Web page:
Yesterday the California State Bar Environmental Law Section held a conference on greenhouse gas emissions reductions for “2030 and Beyond,” featuring top officials from state government. Here are some highlights from the event:
The science of climate change: Jane Long of EDF painted a dire picture of how little time we have left to fight catastrophic climate change. She noted the oceans have absorbed half our carbon emissions but that we need to take immediate action to decarbonize the electricity grid. Interestingly, she spoke in favor of controversial carbon capture technologies and disparagingly of biofuels, due to their carbon footprint.
Politics of getting climate change legislation passed this term: former State Senate pro Tem Darrell Steinberg said that the slate of bills in the Senate related to 2030 goals should sail through that house. But the real test of passage will be in the Assembly, where the Democratic caucus is split between “progressive” and “moderate/business-friendly” members. August will likely be the time of action. To grease the legislative wheels, lawmakers might include provisions allowing utilities to own electric vehicle charging infrastructure in order to get them to support a bargain. They also might use cap-and-trade money guarantees to encourage recalcitrant members to vote to approve. Ah, sausage-making.
Plunging solar and wind costs, with storage breakthroughs: California Public Utilities Commission president Michael Picker said we’re seeing really cheap prices on solar and wind. To illustrate the point, he cited a new 300 megawatt solar installation about to break ground near Blythe that has no state subsidies or power purchase agreement. Picker also noted that our rules are finally catching up to storage technology, with the Ice Bear technology that freezes water at night on cheap wind power for cooling buildings during the day finally being rewarded with a contract in Southern California, in part to offset the loss of nuclear power from the shuttered San Onofre plant.
Federal action on climate change: Amy Zimpfer from the U.S. Environmental Protection Agency described the controversies over the proposed Clean Power Plan, which received an unprecedented 3.5 million comments, plus litigation just over the draft rule (also unusual). She says the plan is “changing the dialogue” in many states, where energy regulators are meeting environmental regulators sometimes for the first time to discuss ways to coordinate.
Energy efficiency financing could get easier: Cisco DeVries from Renewable Funding thinks we may soon get past the federal regulatory hold-ups to the PACE (property assessed clean energy) financing program, which gives homeowners easy access to local government-provided capital for home energy upgrades. PACE is already back up for some residential markets, and he hinted a compromise may be in the works to put the whole issue to bed in the coming months.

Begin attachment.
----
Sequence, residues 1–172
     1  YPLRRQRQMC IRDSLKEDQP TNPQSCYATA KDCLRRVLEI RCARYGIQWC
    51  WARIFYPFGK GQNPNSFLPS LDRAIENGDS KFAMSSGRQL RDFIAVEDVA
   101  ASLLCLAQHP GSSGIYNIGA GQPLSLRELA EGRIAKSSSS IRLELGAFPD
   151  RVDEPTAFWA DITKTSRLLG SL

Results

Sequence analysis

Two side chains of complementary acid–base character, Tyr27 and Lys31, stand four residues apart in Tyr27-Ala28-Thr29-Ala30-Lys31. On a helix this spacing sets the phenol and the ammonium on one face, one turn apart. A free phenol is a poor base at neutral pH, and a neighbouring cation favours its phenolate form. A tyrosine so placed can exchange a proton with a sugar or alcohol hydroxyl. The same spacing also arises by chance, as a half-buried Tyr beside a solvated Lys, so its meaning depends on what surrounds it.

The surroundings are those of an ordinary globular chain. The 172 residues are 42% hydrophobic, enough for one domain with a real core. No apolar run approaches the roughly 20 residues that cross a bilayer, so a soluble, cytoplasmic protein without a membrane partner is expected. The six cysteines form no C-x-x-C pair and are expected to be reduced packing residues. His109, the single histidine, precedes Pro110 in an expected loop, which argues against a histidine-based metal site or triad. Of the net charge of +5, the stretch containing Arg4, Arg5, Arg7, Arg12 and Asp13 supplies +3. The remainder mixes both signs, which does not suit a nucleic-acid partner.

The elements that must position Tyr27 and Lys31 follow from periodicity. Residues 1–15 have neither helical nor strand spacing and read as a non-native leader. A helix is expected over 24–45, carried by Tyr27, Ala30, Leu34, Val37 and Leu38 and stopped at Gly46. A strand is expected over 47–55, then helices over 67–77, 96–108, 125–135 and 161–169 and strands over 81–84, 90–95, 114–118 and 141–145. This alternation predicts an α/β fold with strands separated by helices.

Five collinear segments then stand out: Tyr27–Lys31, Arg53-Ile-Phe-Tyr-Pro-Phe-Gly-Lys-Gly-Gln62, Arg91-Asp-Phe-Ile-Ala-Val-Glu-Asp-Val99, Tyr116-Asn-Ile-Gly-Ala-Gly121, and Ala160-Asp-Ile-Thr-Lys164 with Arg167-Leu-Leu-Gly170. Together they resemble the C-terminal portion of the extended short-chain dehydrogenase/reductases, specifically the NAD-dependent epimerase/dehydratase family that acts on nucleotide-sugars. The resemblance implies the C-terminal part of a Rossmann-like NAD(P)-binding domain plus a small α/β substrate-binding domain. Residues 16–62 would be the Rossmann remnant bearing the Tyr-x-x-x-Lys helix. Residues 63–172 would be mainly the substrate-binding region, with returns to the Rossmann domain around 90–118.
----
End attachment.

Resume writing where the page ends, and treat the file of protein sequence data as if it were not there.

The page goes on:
Utilities may soon enter the electric vehicle charging space in a big way: A panel I moderated on electric vehicles featured Randall Winston from the Governor’s Office, Alex Keros from GM, and Kevin Lee from eVgo. All three speakers sounded open to the idea of utilities entering the charging market, provided (at least from Kevin’s point of view) that it’s structured to allow third parties like eVgo to have a role in the deployment. Winston did not commit, given the ongoing regulatory and legislative proceedings, but said it’s an area of “huge interest” for the Governor’s Office. Keros said GM is enthusiastic about utility involvement because “we need the scale of investment” to meet the projected 1.5 million electric vehicle charging needs by 2025.
Cap-and-trade and other state programs are going well: California EPA Secretary Matt Rodriquez said cap-and-trade implementation is going well in California, and it may be inspiring other states to follow suit. For example, he was invited to speak to the Oregon Legislature recently to discuss the California program, a possible sign of future collaboration. And lots of money will be coming from auctions, with over $600 million in allowances sold in the first of four auctions held this year. So we could see $2 billion in revenue in 2015 to be used on efforts including high speed rail, weatherization programs, and affordable housing near transit. And to bring it full circle, opening speaker Ken Alex, director of the Governor’s Office of Planning and Research, took stock of the progress we’ve made to date in state, citing in particular our relatively rapid deployment of electric vehicles and renewable energy.
Overall, the speakers covered a wealth of topics related to achieving 2030 goals, from the political, economic and engineering challenges to the race against time we face on the climate. While the state has made a lot of progress, we’ll need to address these hurdles — often in legislative and regulatory forums — in order to continue our progress and accelerate it going forward.